As with any other smaller storm, a hurricane's storm clouds rotate counterclockwise due to forces in the atmosphere like gravity and pressure. These forces compete with calm air's natural tendency to rotate clockwise.
It's a complicated system, though. The rules I've just stated only apply in the earth's Northern Hemisphere. In the Southern Hemisphere, everything is reversed, with hurricanes (and all other storms) rotating clockwise! That's because below the equator, calm air's natural tendency is to rotate counterclockwise.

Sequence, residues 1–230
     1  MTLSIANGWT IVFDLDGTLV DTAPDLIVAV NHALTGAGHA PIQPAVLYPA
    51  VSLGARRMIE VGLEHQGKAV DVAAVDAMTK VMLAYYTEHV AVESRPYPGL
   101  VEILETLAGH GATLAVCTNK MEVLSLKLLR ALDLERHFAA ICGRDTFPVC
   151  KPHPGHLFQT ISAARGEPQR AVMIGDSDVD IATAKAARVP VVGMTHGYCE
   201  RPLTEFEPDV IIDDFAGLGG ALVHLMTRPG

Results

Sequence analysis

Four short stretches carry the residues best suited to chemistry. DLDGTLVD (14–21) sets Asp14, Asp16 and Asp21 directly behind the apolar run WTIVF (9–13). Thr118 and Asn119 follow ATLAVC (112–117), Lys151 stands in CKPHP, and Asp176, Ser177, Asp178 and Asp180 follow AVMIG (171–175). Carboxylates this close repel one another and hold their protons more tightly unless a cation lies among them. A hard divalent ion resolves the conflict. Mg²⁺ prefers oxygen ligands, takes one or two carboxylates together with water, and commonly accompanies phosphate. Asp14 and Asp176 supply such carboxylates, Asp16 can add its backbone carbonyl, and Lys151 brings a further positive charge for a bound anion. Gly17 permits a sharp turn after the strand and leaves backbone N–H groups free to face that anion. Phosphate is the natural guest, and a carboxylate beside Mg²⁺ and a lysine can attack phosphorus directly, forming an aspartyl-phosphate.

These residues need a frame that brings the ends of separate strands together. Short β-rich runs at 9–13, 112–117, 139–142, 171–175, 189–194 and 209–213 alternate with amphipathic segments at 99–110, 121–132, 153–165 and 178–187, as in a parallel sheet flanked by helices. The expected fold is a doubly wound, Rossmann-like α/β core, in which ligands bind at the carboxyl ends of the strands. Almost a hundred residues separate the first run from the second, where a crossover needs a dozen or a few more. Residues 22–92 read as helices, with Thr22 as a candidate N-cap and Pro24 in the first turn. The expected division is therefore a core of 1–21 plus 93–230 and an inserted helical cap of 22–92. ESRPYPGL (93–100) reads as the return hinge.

Confused? It helps to know that calm air (air that is not rising and does not contain any storms) has a tendency to naturally flow in a direction caused by the earth's rotation on its axis. This flow is more gentle and gradual than most. When a storm forms, its winds are stronger and more violent, essentially defeating this more tranquil flow and turning the air in a different direction.
By the way, the force that causes the initial turning of calm air across the earth's surface is called the Coriolis Force. Here again, things get complicated, as the Coriolis Force is actually not a force at all, but an apparent turning of winds, based on the curved surface of the earth and the land rotating beneath it.